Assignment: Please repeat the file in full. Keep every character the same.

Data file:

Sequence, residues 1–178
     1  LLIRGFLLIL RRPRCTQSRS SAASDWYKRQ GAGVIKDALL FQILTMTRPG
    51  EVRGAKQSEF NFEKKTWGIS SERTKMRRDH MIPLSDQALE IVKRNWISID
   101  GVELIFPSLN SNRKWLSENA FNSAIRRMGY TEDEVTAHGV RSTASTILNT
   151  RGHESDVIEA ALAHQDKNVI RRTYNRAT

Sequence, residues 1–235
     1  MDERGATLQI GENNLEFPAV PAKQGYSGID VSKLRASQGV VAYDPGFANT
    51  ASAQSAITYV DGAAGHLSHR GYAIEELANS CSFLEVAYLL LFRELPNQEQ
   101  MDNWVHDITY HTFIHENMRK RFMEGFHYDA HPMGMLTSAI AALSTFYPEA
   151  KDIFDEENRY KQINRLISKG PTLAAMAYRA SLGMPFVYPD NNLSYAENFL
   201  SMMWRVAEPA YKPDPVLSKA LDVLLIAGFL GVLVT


Sequence, residues 1–178
     1  LLIRGFLLIL RRPRCTQSRS SAASDWYKRQ GAGVIKDALL FQILTMTRPG
    51  EVRGAKQSEF NFEKKTWGIS SERTKMRRDH MIPLSDQALE IVKRNWISID
   101  GVELIFPSLN SNRKWLSENA FNSAIRRMGY TEDEVTAHGV RSTASTILNT
   151  RGHESDVIEA ALAHQDKNVI RRTYNRAT

Sequence, residues 1–235
     1  MDERGATLQI GENNLEFPAV PAKQGYSGID VSKLRASQGV VAYDPGFANT
    51  ASAQSAITYV DGAAGHLSHR GYAIEELANS CSFLEVAYLL LFRELPNQEQ
   101  MDNWVHDITY HTFIHENMRK RFMEGFHYDA HPMGMLTSAI AALSTFYPEA
   151  KDIFDEENRY KQINRLISKG PTLAAMAYRA SLGMPFVYPD NNLSYAENFL
   201  SMMWRVAEPA YKPDPVLSKA LDVLLIAGFL GVLVT